Have you ever looked at some technology, or framework, and simply didn't understand why someone would use it? For some time now I've never quite gotten what JSONP is, nor why someone would use it over XML. Everything finally cleared up for me last week and since I assume (I hope!) I'm not alone in being confused, I thought I'd share what I learned.
A few days ago a reader asked me an interesting question. He wanted to create a list of dates in jQuery Mobile and group them by date. Turns out, this is fairly easy using the Autodividers feature of the ListView widget.
Just a quick note to let y'all know about a new video course available for jQuery UI. Ben Fhala released a set of videos for Packt covering jQuery UI. I had the pleasure of doing a tech review on the videos a few months back and I thought they were pretty well done. I haven't really talked much about jQuery UI lately but I've got a lot of respect for it. You can find more details about the video product here and watch a sample below.
A few weeks ago a reader asked if I had ever designed a quiz for jQuery Mobile. While I had not, I spent some time thinking about how a quiz could be designed as well as how a generic library could help automate it. I've built a demo I'd like to share with folks. It is definitely "First Draft" (but hey, it lints!) so feel free to tear it apart and suggest improvements.
I'm currently working on an article that discusses various third party services that can help flesh out a static web site. While researching that article, I got to thinking about contact forms and how (or if) I could use Parse to power them. Parse is built for ad hoc data storage of - well - anything. I wouldn't typically think of contact forms as being something I'd want to save, but the more I thought about it, the more I thought that in some organizations this could be a powerful feature. You can track communication over time as well as use the email addresses as a list to contact in the future. There are probably multiple ways of doing this, but here is what I came up with.
Last week I blogged about the release of Snap.svg, a new library for modern browsers to simplify the creation, usage, and animation of SVG assets. Over the past few days I've worked on a new demo of Snap.svg that I'd like to share with you.
I'm currently working on an update to my jQuery Mobile book (jQuery Mobile Web Development Essentials), but for those curious about one of the cooler new features of jQuery Mobile, check out my new article on DZone (and yes, I am doing a lot more articles this year - all part of the master plan):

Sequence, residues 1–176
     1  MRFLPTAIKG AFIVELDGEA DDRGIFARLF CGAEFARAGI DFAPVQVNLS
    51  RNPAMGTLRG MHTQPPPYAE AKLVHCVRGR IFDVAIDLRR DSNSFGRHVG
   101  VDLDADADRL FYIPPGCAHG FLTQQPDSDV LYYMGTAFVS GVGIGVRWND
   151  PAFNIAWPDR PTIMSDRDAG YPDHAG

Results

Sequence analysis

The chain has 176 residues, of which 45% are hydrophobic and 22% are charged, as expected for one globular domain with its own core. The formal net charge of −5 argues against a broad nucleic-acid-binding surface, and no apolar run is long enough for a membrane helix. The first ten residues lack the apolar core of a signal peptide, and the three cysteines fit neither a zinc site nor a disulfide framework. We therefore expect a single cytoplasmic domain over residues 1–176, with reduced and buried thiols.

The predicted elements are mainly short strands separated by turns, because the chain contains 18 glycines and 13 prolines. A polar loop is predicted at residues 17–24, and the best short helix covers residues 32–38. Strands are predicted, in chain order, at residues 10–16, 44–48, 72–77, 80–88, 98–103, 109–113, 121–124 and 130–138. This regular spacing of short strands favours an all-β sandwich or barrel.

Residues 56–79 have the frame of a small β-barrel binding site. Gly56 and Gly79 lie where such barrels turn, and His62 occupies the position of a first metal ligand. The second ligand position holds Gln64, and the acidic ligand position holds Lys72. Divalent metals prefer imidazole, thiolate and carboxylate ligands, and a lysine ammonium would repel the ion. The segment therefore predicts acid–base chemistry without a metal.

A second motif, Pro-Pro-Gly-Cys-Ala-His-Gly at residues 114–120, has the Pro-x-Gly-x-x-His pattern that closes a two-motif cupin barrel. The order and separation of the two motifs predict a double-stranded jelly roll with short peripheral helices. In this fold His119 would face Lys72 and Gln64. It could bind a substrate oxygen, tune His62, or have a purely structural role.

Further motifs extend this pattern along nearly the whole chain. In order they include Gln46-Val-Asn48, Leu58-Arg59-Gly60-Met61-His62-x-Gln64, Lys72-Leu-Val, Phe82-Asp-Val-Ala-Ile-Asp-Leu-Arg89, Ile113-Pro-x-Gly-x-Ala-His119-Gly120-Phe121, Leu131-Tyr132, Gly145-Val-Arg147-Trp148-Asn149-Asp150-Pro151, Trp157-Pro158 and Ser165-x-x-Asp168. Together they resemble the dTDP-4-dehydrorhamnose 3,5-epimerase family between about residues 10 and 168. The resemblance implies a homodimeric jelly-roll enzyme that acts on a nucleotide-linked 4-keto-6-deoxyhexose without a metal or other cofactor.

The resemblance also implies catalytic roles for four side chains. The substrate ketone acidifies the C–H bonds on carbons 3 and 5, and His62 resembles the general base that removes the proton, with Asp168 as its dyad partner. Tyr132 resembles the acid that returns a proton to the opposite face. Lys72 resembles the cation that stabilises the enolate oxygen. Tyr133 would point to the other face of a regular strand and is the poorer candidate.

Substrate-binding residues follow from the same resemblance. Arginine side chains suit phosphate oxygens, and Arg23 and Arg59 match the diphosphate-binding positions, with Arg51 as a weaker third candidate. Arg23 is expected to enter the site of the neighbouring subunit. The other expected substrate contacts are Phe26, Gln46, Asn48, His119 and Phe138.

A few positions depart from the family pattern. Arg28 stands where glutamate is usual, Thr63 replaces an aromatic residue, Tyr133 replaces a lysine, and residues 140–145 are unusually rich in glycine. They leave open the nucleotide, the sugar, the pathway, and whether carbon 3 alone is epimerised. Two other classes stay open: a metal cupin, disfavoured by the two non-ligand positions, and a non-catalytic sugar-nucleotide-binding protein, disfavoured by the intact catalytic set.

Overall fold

Have you ever seen a web site that seemed to know where you were located? I'm not talking about a map, but the actual name of the location? This is done with a process called "Reverse Geocoding." Whereas geocoding refers to translating a human-readable address into a longitude/latitude pair, reverse geocoding is, well, the opposite of that. Given a longitude/latitude pair, what would be the description of that location. In this blog post I'll show a simple example of this process. My example application will attempt to report the city and state you live in.
A huge thank you goes to Andrew Trice for spending hours on polishing and editing a video of my last presentation. He uploaded it to Youtube and now you guys can watch it as well. I'm proud of this presentation so I hope it is helpful. As always, criticism is welcome. You can download the demos and slide deck here:
A while back I ran into an interesting problem with Google Maps. I was booking travel for a conference and needing to find the closest Marriott to the conference location. I didn't know the area very well so seeing a few addresses meant nothing to me. I figured Google Maps would be able to help me, but I could only plot one location at a time. (To be clear, I bet there is a way to plot multiple addresses, I just couldn't find it.) I then tried the Directions service. That too was only able to work with two addresses. I ended up entering 4 or 5 Marriott addresses and just trying to remember which one seemed shorter. To get around this, I built a simple application that lets you enter up to five starting addresses and a destination. It then plots driving directions and reports on the total distances for each. It also reports on which starting address is the best.